• What were the pains and costs of Mary and Joseph’s willingness to obey God’s words?


December 25, 2018

Christmas Texts – 2018-12-25

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    Luke 2:1-20 (ESV)

    1 In those days a decree went out from Caesar Augustus that all the world should be registered. 2 This was the first registration when Quirinius was governor of Syria. 3 And all went to be registered, each to his own town. 4 And Joseph also went up from Galilee, from the town of Nazareth, to Judea, to the city of David, which is called Bethlehem, because he was of the house and lineage of David, 5 to be registered with Mary, his betrothed, who was with child. 6 And while they were there, the time came for her to give birth. 7 And she gave birth to her firstborn son and wrapped him in swaddling cloths and laid him in a manger, because there was no place for them in the inn.

    8 And in the same region there were shepherds out in the field, keeping watch over their flock by night. 9 And an angel of the Lord appeared to them, and the glory of the Lord shone around them, and they were filled with great fear. 10 And the angel said to them, “Fear not, for behold, I bring you good news of great joy that will be for all the people. 11 For unto you is born this day in the city of David a Savior, who is Christ the Lord. 12 And this will be a sign for you: you will find a baby wrapped in swaddling cloths and lying in a manger.” 13 And suddenly there was with the angel a multitude of the heavenly host praising God and saying,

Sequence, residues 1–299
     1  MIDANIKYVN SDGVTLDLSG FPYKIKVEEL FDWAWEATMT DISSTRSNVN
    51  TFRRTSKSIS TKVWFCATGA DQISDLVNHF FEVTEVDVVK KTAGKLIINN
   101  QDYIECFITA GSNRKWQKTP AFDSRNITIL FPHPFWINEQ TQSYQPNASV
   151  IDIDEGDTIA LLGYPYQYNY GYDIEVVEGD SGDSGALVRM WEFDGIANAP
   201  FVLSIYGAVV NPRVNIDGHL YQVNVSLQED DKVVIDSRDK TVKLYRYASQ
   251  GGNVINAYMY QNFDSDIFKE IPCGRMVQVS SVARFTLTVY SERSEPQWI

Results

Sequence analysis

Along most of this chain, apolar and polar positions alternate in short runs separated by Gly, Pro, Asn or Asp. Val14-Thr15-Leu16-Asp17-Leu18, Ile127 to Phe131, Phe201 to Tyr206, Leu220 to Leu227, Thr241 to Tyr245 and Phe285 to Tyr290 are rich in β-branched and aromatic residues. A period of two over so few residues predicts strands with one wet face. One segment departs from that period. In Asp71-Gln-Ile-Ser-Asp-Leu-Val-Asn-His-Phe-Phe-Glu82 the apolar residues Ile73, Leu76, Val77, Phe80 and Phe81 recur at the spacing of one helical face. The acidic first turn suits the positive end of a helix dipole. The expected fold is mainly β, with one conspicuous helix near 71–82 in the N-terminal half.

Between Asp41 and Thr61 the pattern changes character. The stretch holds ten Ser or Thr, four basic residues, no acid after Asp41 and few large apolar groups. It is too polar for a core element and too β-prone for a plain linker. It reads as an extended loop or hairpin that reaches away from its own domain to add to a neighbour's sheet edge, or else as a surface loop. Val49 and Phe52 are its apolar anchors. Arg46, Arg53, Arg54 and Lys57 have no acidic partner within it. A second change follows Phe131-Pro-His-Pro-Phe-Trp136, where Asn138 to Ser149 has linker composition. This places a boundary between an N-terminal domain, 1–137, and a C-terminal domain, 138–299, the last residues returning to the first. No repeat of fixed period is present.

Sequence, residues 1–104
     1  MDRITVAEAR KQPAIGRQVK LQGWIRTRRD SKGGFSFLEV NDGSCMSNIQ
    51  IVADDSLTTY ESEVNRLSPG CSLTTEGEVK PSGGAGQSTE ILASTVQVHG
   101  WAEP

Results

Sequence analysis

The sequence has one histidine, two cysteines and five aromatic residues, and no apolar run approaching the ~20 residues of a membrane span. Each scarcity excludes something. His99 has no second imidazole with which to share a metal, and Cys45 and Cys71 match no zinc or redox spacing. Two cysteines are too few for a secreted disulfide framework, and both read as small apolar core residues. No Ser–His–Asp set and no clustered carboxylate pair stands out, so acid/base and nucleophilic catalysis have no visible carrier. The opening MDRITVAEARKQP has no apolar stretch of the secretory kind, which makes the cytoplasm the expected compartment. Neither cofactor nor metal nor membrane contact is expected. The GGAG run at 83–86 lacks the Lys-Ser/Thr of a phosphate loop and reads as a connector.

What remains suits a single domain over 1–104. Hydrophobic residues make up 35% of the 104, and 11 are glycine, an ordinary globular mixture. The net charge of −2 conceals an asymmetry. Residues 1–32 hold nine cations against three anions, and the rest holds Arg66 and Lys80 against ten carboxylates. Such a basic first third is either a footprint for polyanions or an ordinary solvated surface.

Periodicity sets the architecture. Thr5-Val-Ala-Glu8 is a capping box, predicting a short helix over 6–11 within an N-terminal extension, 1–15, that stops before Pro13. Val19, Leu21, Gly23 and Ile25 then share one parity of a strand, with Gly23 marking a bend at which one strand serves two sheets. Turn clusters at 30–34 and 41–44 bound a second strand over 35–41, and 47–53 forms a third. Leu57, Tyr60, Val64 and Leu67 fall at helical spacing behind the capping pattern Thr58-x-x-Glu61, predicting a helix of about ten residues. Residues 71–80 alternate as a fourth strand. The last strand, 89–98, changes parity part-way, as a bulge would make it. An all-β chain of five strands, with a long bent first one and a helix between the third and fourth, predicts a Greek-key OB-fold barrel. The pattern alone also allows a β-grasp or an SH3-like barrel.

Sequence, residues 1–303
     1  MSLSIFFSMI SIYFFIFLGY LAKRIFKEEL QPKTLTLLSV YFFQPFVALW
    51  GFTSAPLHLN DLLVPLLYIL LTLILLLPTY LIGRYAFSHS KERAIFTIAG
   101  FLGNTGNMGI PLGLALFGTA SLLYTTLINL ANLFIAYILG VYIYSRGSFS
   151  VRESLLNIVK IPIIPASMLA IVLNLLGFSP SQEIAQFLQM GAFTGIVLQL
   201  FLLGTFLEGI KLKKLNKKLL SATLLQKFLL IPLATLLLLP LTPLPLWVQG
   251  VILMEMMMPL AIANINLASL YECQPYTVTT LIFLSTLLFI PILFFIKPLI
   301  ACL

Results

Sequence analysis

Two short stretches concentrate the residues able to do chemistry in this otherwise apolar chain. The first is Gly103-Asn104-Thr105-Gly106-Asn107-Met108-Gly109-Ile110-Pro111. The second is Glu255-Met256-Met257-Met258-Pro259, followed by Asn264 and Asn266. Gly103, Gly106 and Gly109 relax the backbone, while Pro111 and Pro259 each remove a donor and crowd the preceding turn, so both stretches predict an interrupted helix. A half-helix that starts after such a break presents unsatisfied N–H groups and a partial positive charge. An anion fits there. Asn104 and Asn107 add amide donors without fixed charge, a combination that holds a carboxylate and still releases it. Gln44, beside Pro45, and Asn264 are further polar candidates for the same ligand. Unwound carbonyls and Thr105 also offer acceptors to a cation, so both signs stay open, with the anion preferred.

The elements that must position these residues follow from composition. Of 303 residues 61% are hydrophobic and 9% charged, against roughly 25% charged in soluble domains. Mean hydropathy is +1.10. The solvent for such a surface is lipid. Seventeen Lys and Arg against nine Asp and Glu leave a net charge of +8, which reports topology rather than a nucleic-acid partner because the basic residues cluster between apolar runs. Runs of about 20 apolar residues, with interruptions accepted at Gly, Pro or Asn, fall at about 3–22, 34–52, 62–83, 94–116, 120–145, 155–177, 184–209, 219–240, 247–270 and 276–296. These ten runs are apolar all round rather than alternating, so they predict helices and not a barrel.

14 “Glory to God in the highest,

        and on earth peace among those with whom he is pleased!”

    15 When the angels went away from them into heaven, the shepherds said to one another, “Let us go over to Bethlehem and see this thing that has happened, which the Lord has made known to us.” 16 And they went with haste and found Mary and Joseph, and the baby lying in a manger. 17 And when they saw it, they made known the saying that had been told them concerning this child. 18 And all who heard it wondered at what the shepherds told them. 19 But Mary treasured up all these things, pondering them in her heart. 20 And the shepherds returned, glorifying and praising God for all they had heard and seen, as it had been told them.

  • Reflection & Application:       

    • Luke 2:10-12
      • Reflect on the words describing Jesus in the angel’s annunciation.
      • Write all the ways in which the coming of Jesus is good news of great joy for all the people, and to me particularly.


December 24, 2018

Christmas Texts – 2018-12-24

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    Isaiah 59:1-3; 9-20  

    1 Behold, the Lord’s hand is not shortened, that it cannot save,